Woman’s nonprofit brings power, hope to Africans

Monday, July 28, 2008

When someone switches on a light in Banco, Mali, it’s most likely connected to a photovoltaic solar power system in the village. But its original source can be traced to an unassuming house in James City County.

That’s where Mary Graham, who grew up in Northern Virginia, lives with her parents in Kingsmill when she’s not in Mali overseeing Practical Small Projects. That’s the nonprofit she founded three years ago to foster sustainable enterprise in the impoverished West African country.

The organization works on a shoestring budget with almost no overhead but has provided a spark to dozens of entrepreneurs in Mali.

“It doesn’t take millions to make a difference, and sometimes it actually helps if you limit your scope,” said Graham, 29. “When I look at nonprofits in New York, I’m like, ’What are you doing?’ You’re bringing water to Africa, and you’ve got 20 employees working out of an office in Manhattan.’”

PSP has two American employees and a budget of between $150,000 and $200,000. It works with another nonprofit and Afriq-Power, a Malian company that PSP founded, to bring potable water, electricity and infrastructure to remote villages. Together, they’ve installed wells, built maternity wards and brought electricity to dozens of villages in the landlocked nation – the fifth-poorest in the world.

Graham, a former Fulbright scholar with a master’s degree in international policy studies, founded the company after seeing the effect of solar technology on entrepreneurial activities in Nicaragua. She became interested in Mali during an internship there.

Using donations from family and friends, Graham paid to bring two solar experts to Mali to train a group of locals in building, installing and maintaining solar panels, water pumps and batteries.

That was the initial stage of Afriq-Power: A dozen Malians – several of them orphans, many of them illiterate – huddled around a picnic table and a chalkboard, with just a tarp as shelter from the elements, learning about solar power. Today, the company has moved indoors and can produce up to 250 solar panels a week.

Graham and her PSP collaborator, Kristin Johnson, travel across southern Mali, reaching out to village elders and assessing infrastructure needs on a village-to-village basis. When it comes time to bring power to a village, PSP purchases the solar technology from Afriq-Power, which installs it and trains a couple of local villagers in basic maintenance.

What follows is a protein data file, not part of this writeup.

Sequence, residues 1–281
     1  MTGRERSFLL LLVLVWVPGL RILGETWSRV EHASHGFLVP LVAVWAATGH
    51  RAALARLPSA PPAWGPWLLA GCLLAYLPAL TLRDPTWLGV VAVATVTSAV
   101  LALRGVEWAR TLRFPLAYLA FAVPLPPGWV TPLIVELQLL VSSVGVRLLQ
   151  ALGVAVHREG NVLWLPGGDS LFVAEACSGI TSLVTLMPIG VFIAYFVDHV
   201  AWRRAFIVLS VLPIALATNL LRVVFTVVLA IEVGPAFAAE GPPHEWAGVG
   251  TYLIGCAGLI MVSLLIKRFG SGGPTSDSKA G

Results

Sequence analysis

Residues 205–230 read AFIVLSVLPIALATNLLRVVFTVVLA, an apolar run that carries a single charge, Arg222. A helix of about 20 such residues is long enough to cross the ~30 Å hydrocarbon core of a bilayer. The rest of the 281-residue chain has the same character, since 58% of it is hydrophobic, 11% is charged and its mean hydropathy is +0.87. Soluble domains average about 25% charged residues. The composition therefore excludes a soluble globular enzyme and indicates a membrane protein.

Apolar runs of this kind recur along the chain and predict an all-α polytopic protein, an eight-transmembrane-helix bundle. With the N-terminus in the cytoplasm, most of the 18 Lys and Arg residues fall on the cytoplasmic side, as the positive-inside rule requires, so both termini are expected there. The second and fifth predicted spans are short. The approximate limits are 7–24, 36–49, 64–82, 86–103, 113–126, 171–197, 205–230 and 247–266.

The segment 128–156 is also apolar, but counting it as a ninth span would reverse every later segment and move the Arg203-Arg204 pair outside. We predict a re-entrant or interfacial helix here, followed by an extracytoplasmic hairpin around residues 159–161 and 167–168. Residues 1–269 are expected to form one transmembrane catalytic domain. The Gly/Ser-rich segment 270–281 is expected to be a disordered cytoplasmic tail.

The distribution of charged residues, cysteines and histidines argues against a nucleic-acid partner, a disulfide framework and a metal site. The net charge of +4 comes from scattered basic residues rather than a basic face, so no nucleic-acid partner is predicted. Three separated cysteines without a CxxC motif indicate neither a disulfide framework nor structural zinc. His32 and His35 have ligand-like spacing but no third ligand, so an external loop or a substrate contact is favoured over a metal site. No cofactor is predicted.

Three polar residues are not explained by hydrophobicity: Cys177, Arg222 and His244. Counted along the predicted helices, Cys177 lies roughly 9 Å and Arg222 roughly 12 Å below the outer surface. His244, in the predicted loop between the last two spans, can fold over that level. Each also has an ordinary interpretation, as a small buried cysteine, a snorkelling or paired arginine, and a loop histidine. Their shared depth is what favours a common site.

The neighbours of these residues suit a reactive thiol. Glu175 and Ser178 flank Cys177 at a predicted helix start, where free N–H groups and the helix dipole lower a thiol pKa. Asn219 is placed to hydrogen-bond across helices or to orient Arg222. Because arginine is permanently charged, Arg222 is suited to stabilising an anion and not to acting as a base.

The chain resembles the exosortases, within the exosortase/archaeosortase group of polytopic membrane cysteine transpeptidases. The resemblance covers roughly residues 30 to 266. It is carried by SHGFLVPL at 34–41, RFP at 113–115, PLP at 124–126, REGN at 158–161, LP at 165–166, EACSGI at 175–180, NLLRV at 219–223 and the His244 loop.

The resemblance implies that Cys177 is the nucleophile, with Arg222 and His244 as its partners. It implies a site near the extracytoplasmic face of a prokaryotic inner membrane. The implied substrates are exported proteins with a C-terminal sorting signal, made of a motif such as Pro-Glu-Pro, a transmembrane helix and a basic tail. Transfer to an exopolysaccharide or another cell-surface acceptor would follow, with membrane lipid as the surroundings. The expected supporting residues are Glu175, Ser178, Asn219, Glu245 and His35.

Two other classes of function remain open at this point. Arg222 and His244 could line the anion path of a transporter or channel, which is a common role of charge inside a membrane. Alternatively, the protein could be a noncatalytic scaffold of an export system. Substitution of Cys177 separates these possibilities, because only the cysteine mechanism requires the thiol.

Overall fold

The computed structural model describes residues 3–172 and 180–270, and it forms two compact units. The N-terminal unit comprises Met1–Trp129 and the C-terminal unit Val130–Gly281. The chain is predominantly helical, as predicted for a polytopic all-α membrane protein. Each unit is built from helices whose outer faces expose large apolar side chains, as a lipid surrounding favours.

Then local entrepreneurs harness the access to electricity to build sustainable businesses, which provide sustenance outside government aid and help keep villagers from flooding the country’s overcrowded cities in search of work.

Businesses that have sprouted in villages served by Graham’s organization include tailors, cold-drink vendors, cell phone chargers and retail solar power vendors.

Graham said PSP succeeded where other organizations that imported amenities failed in large part because the purveyors of the technologies – which she said villagers tended to view as “white technology” – were locals.

“When a Malian explains the situation to a fellow Malian, how they can prosper from the technology, how they can profit from it, they feel like they have a stake in it,” Graham said.

“I hear villagers say, ’You put that together? You made that?’ It gives them a whole different perspective on it.”

For more info

To learn more about Mary Graham and Practical Small Projects, and to see photos of their projects in Mali, visit the group’s Web site at www.practicalsmall projects.com.

Source: Daily Press (link opens in a new window)